As a barrister, Blair once represented employers in a battle to deny female factory workers holiday pay.

He met his future wife, Cherie Blair at the law chambers founded by Derry Irvine (who was to be Blair's first Lord Chancellor).

Blair married Cherie Booth, a Roman Catholic and future Queens Counsel, on March 29, 1980. She is the daughter of the actor, Tony Booth.

Blair with wife, Cherie Booth, touring the Amber Room during a visit to Russia, 2003

They have four children: Euan, Nicholas, Kathryn, and Leo. All four children have Irish passports, by virtue of Blair's mother Hazel.

On May 20, 2000 Tony Blair became the first sitting Prime Minister in over 150 father a child when Cherie gave birth to their youngest son Leo.

Blair joined the Labour Party shortly after graduating from Oxford in 1975. In 1983, Blair found the newly created constituency of Sedgefield, a notionally safe Labour seat near where he had grown up in Durham. He was elected as MP for Sedgefield that year despite the party's landslide defeat in the general election.

He was chosen as leader of the Labour Party following the death of John Smith on July 21, 1994.

On May 1, 1997 the voters of the United Kingdom dispatched the Conservative Party into opposition after 18 years in power and replaced it with the Labour Party and a new Prime Minister, Tony Blair. Her was 43 year 11 months and 5 days when he became Prime Minister, the youngest tenant of Number 10 since Robert Banks Jenkinson, Earl of Liverpool who was appointed in 1812, when he was 42 years, 1 day.

Tony Blair in Saint Petersburg

Blair won his third general election in 2005. By then he was the Labour Party's longest-serving Prime Minister and the only person to have led the party to three consecutive general election victories.

Tony Blair resigned as British Prime Minister on June 27, 2007 and on the same day took up the appointment of the official Envoy of the Quartet on the Middle East.

Blair has had his political views motivated by his Christian beliefs and was possibly the most devout British Prime Minister since Gladstone. A High Church Anglican, he frequently attended Catholic services with his equally devout Roman Catholic wife, Cherie. 

On 22 December 2007, it was disclosed that Blair had converted to the Catholic faith, and that it was "a private matter."

On standing down as prime minister in 2007, he became a Middle East special envoy for the ‘Quartet’ – the USA, European Union, Russia, and the United Nations.

50th Munich Security Conference 2014: Tony Blair: 

All things to all men Tony Blair told a Labour Party magazine that his favorite food is fish and chips and the Islington Cookbook that it is “fresh fettuccine garnished with olive oil, sun-dried tomatoes and capers.”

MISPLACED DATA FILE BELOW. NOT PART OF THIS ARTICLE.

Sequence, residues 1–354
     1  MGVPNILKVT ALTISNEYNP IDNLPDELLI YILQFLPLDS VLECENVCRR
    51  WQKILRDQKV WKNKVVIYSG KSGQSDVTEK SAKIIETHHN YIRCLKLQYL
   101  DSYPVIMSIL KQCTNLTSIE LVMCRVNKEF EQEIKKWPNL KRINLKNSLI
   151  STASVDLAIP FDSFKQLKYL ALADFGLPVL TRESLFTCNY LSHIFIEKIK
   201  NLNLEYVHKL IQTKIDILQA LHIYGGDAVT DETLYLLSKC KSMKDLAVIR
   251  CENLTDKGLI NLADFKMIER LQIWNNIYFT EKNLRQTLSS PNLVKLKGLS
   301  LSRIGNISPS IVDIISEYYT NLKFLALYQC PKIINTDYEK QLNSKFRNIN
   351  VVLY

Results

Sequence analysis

AS Prime Minister, Tony Blair earned £163,000 - more than any of his successors. Gordon Brown reduced his salary to £ 150,000, and David Cameron took a 5 per cent pay cut, earning £142,500.

On Desert Island Discs Tony Blair chose a guitar as his luxury item.

Sources Wikipedia, Food For Thought by Ed Pearce

Dr Elizabeth Blackwell

In October 1847, Elizabeth Blackwell (1821-1910) became the first woman to be accepted as a medical student. When Elizabeth Blackwell applied to Hobart College, then called Geneva Medical College, located in upstate New York,  the dean decided to hold a vote in the class she was applying to. If just one of the 150 male students objected, she would be rejected. All the 150 young men voted to accept her.

On January 23, 1849, Elizabeth Blackwell became the first woman to qualify as a doctor of medicine in America when she was awarded her M.D. by the Geneva Medical College of Geneva, New York. 

After graduating, Dr. Blackwell traveled to Paris to undertake advanced studies. However, she was rejected from many hospitals due to her gender and she was unable to pursue her medical exams. The only option was to enter a large maternity hospital as a student midwife, where she fell sick resulting in the loss of sight in one eye.

Portrait of Elizabeth Blackwell by Joseph Stanley Kozlowski, 1905. Syracuse University Medical School collection

After convalescence, she went to London, where she was permitted to continue her studies. On her return to New York City in 1853, Dr. Blackwell was not permitted to practice in any of the hospitals she applied to, so she started the New York Infirmary for Women and Children, aided by her sister Emily who had also passed her medical exams. They trained Union Army nurses during the Civil War then together they founded a medical college for women in her hospital.

The next year Dr. Blackwell moved to England where she spent the remainder of her life teaching and working to increase medical opportunities there for women. Back in 1859 she had placed her name on the new British Medical Register, thus becoming Europe’s first modern female doctor.

Dr. Blackwell was commemorated on a U.S. postage stamp in 1974 (see below), designed by Joseph Stanley Kozlowski.